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The ‘magical’ fireflies are coming back to the Smokies. Here’s how you can see them.

Fireflies: The Smokies light show

Thousands of tourists are drawn every year to the Great Smoky Mountains National Park to witness the mating ritual of a species of fireflies that blink in beautiful synchrony.
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Thousands of tourists are drawn every year to the Great Smoky Mountains National Park to witness the mating ritual of a species of fireflies that blink in beautiful synchrony.

If you missed the chance to see the elusive synchronous firefly’s amorous appearance in the Great Smoky Mountains National Park last year, get ready. They’re coming back.

The park has set the dates for synchronous firefly viewing inside the former settlement of Elkmont for the 2019 season. Park officials will run shuttles into the area to see the fireflies from May 30 through June 6. Visitors will only be allowed into Elkmont for firefly-viewing via the shuttles or with parking passes, which will be distributed through the annual lottery. 

To enter the lottery, go to www.recreation.gov. Lottery applications will be accepted from 8 a.m April 26 to 8 p.m. April 29.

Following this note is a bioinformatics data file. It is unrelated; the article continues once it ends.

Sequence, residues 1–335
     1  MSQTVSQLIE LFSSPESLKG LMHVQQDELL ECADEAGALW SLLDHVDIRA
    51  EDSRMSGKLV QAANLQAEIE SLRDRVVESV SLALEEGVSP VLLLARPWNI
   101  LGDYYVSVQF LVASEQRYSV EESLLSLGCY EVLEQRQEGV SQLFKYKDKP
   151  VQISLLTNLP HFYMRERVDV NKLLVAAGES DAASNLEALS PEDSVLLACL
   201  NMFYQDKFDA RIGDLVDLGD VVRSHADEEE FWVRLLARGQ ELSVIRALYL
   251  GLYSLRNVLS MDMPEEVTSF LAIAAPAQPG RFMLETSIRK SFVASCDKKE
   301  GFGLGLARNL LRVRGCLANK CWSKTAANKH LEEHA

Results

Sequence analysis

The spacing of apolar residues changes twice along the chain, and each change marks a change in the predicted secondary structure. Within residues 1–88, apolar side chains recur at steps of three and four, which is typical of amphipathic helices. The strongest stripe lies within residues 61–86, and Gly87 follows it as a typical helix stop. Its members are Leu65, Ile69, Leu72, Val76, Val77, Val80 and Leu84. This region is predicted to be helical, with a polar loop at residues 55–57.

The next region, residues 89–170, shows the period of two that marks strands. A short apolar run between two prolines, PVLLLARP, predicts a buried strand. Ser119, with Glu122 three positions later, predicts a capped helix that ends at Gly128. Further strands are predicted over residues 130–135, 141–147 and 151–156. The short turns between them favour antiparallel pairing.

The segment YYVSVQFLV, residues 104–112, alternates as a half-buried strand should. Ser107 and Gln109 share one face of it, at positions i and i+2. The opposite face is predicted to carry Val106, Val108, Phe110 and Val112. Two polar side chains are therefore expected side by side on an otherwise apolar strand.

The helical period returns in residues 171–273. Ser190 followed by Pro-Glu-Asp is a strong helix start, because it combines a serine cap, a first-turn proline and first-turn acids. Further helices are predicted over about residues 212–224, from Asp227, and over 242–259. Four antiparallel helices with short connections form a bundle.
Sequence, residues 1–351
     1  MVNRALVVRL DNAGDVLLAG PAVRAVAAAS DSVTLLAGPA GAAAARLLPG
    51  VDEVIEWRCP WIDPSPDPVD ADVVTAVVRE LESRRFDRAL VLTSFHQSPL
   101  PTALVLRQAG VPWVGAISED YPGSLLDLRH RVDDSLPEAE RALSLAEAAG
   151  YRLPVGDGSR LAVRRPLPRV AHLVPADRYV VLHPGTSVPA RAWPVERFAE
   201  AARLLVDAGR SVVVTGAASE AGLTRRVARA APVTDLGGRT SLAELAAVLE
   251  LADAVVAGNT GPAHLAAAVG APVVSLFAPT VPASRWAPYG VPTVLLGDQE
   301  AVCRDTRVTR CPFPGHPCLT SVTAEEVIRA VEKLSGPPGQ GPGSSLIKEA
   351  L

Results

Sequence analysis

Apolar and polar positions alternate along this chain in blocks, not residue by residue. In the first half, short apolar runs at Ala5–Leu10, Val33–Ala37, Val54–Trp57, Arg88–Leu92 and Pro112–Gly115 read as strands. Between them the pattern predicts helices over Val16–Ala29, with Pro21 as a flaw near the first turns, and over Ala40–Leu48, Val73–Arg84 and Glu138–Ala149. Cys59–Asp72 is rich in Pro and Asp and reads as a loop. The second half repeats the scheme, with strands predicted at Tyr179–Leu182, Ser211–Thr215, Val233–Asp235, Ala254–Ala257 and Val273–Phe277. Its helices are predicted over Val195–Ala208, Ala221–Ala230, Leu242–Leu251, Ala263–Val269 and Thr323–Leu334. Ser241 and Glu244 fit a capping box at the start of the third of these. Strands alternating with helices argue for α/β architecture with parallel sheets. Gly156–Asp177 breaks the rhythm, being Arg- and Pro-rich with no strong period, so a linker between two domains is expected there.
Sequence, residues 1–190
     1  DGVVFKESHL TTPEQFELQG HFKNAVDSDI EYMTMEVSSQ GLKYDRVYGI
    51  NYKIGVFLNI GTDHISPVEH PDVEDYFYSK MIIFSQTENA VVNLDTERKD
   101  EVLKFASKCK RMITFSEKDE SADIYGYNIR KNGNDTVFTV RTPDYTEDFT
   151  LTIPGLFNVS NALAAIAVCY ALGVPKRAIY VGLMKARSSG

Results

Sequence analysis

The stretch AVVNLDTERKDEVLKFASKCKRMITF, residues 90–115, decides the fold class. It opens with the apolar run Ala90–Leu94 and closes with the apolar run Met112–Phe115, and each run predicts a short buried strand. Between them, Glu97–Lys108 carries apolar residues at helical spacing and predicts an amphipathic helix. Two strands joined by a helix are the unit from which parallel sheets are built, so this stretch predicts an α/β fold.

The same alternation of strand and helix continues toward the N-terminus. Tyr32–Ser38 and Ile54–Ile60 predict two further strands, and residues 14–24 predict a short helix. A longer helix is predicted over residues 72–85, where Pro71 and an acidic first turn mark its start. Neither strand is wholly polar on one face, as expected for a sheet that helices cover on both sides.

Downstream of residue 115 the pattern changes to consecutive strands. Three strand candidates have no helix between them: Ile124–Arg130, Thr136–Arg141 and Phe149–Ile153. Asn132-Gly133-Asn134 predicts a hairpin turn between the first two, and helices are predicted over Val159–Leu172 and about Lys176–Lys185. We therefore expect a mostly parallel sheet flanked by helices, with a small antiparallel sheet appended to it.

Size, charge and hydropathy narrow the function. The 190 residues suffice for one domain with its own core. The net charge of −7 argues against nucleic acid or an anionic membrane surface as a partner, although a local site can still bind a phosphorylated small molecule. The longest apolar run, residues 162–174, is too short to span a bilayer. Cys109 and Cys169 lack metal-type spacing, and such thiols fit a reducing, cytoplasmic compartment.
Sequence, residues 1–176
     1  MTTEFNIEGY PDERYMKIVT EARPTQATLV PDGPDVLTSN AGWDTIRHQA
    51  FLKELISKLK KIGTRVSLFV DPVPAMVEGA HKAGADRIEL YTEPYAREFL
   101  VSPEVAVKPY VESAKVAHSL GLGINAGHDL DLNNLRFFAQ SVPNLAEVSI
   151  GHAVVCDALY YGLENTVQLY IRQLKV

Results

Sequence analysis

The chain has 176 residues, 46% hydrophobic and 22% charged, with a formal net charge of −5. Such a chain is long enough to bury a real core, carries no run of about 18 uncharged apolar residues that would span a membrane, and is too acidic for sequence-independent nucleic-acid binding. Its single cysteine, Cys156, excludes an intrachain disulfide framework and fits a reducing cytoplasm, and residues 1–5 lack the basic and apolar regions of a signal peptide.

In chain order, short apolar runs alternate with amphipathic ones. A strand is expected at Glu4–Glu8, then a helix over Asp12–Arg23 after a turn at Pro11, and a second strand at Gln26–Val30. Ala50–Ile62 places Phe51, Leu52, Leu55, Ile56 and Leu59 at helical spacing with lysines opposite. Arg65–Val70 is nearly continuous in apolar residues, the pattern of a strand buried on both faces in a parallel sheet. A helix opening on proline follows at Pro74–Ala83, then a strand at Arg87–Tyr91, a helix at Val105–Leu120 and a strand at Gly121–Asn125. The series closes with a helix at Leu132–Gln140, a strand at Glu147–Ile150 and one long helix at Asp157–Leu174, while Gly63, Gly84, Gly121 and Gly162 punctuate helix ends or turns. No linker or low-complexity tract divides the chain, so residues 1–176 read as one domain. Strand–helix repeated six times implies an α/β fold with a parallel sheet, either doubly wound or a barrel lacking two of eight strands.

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Synchronous fireflies display their lights during mating season at Elkmont in the Great Smoky Mountains National Park Radim Schreiber for Great Smoky Mountains National Park

Synchronous fireflies have a two-to-four-week mating season during which hundreds of males in close proximity will flash their lights at the same time in search of a mate. The annual flickering of the fireflies has become a tourist draw for areas where the bugs are known to cluster, including Elkmont.

For more on this unlikely North Carolina tourist attraction, check out this story from last year’s event.

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Martha Quillin is a general assignment reporter at The News & Observer who writes about North Carolina culture, religion and social issues. She has held jobs throughout the newsroom since 1987.


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